Abstracts: Diversity in Lab Mice, Preparing for Protests, and More


• Most rodents used in biomedical labs are male, but a growing body of evidence that males and females process pain differently has led some to wonder if the medical community might have a diversity problem among its lab animals. (Wired)

Hospitals in Cleveland and Philadelphia are preparing for possible violence and riots at the presidential conventions this month. Visual: Mooch Cassidy/Flickr

• Hospitals in Cleveland and Philadelphia are gearing up for the presidential conventions. They’re getting ready to deal with cases of dehydration, exhaustion, and intoxication, but in such a heated political climate, they’re also making plans to deal with mass violence, riots, fist fights, shootings — and even terrorism. (STAT)

• The House of Representatives passed a bill on Thursday that would require companies to label foods containing genetically modified ingredients. But those labels could come in the form QR codes, which consumers would have to scan. (NPR)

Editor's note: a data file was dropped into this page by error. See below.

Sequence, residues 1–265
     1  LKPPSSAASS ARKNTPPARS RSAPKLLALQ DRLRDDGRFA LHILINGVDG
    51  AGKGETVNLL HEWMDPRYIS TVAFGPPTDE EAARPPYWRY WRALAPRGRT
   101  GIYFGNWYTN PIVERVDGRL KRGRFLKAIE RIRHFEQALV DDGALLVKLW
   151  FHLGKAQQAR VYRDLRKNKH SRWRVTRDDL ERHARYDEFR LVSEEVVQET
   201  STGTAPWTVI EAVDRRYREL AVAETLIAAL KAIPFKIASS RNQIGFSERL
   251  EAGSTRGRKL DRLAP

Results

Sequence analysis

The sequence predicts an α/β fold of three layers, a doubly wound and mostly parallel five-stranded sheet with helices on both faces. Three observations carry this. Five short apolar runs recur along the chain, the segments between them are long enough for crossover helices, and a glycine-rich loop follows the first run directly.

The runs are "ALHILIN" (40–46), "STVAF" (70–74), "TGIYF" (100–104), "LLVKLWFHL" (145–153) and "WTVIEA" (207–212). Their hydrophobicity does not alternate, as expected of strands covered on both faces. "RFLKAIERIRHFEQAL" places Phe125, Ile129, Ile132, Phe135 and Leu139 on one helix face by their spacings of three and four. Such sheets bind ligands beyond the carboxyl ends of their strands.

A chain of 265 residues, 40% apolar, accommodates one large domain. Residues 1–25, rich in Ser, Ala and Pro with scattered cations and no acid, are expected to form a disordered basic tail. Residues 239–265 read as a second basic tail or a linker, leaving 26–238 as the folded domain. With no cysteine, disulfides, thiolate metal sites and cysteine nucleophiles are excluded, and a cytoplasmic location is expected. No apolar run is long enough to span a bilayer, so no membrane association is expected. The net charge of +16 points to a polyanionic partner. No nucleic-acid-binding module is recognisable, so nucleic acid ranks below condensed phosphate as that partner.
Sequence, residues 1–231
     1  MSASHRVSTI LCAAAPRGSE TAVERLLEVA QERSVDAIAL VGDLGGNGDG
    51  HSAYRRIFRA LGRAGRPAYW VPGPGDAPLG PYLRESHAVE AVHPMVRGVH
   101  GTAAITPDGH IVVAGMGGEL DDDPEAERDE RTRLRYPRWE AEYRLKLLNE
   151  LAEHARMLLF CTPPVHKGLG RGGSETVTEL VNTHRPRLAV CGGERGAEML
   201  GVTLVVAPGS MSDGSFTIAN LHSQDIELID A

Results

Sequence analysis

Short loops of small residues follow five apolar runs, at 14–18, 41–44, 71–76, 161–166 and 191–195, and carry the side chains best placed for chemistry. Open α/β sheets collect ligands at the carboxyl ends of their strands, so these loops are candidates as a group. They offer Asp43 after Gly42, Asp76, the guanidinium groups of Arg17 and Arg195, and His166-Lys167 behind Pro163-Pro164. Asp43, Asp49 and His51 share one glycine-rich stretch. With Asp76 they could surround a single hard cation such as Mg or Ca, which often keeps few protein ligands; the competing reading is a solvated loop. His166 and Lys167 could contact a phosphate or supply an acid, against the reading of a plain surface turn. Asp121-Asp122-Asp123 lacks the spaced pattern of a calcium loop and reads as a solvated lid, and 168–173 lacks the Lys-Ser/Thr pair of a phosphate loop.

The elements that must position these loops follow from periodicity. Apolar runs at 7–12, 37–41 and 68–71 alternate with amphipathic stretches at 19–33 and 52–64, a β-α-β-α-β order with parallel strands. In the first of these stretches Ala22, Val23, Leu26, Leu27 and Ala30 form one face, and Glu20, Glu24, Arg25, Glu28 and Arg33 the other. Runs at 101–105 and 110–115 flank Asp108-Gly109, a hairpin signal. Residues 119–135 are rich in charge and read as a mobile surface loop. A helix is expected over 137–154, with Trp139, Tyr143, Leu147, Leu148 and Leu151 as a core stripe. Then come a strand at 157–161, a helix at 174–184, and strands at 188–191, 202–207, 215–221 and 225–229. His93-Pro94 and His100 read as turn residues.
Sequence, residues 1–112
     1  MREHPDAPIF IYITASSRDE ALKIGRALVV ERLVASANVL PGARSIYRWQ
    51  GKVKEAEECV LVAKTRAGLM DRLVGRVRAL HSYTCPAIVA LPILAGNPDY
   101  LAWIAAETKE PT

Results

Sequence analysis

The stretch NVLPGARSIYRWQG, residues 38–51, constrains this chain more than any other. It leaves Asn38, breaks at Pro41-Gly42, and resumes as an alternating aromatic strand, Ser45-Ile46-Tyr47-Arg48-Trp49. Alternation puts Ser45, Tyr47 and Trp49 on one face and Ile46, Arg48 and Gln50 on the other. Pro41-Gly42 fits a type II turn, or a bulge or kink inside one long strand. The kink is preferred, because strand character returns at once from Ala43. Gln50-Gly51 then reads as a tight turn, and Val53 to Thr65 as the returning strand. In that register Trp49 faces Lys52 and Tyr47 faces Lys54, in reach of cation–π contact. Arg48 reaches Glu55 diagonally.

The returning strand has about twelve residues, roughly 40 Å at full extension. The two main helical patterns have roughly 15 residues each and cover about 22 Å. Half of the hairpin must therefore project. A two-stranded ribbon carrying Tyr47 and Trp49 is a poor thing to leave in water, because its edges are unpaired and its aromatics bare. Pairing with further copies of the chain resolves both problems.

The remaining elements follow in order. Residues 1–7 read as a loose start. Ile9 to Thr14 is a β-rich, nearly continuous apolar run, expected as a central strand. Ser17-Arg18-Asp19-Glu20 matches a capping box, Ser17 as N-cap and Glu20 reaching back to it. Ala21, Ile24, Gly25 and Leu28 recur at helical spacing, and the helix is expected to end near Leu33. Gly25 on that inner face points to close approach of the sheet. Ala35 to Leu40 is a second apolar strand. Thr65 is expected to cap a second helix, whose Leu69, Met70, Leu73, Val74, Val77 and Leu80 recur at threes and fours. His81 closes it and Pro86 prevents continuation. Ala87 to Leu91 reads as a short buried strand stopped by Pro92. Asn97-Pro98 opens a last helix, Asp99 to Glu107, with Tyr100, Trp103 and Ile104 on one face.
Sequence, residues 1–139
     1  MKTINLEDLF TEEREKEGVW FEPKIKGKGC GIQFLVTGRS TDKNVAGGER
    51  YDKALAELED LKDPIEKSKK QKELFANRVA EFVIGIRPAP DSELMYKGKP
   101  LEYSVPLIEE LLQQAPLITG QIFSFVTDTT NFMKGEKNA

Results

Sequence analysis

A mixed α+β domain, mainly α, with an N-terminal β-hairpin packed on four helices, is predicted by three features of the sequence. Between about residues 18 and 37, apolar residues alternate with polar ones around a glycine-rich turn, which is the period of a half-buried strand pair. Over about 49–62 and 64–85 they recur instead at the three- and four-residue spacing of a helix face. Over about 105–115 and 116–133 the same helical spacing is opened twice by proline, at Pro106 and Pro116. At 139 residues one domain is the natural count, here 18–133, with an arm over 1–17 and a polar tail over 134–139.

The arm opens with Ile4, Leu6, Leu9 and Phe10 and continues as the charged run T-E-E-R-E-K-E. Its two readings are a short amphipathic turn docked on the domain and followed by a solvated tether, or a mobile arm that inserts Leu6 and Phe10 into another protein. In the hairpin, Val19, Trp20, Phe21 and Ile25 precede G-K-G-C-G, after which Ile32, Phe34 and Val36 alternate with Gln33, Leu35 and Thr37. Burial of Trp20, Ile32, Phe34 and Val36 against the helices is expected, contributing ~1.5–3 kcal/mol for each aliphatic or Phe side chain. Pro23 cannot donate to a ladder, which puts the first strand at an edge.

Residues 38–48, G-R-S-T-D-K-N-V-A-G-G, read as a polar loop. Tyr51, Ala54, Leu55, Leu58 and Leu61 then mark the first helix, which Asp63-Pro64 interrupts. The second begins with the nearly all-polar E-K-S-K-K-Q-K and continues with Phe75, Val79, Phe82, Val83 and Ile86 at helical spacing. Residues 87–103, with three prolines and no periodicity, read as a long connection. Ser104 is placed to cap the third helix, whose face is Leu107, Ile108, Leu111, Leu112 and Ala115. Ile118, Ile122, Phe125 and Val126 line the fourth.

• In Florida, billions of dollars have been spent to protect and restore the everglades. But its main polluter, the sugar industry, is thriving more than ever. (Miami Herald)

• California isn’t the only state with water woes. For only the second time, Massachusetts state officials have declared a drought watch and are asking citizens in the central and northern parts of the state, including Boston, to conserve water. (Boston Globe)

• A growing community of people are trying to enhance their brain power through electric shock, but researchers are worried that their efforts are getting ahead of the science. (Vox)

• In 1986, a carbon dioxide cloud burst from Cameroon’s Lake Nyos, killing 1,746 people. The exact cause was controversial, but now 30 years later, researchers have come to terms with what happened and have taken steps to prevent a similar event in the future. (Eos)

• The problem of determining the age of fossils has plagued anthropology for over a century. While modern anthropologists now have more advanced tools to help them, their methods are still limited. (Aeon)

• And finally, a new startup will use genetic sequencing to test identify pathogens in soil, giving farmers insight into what crops will grow best or what techniques they can use to improve yields.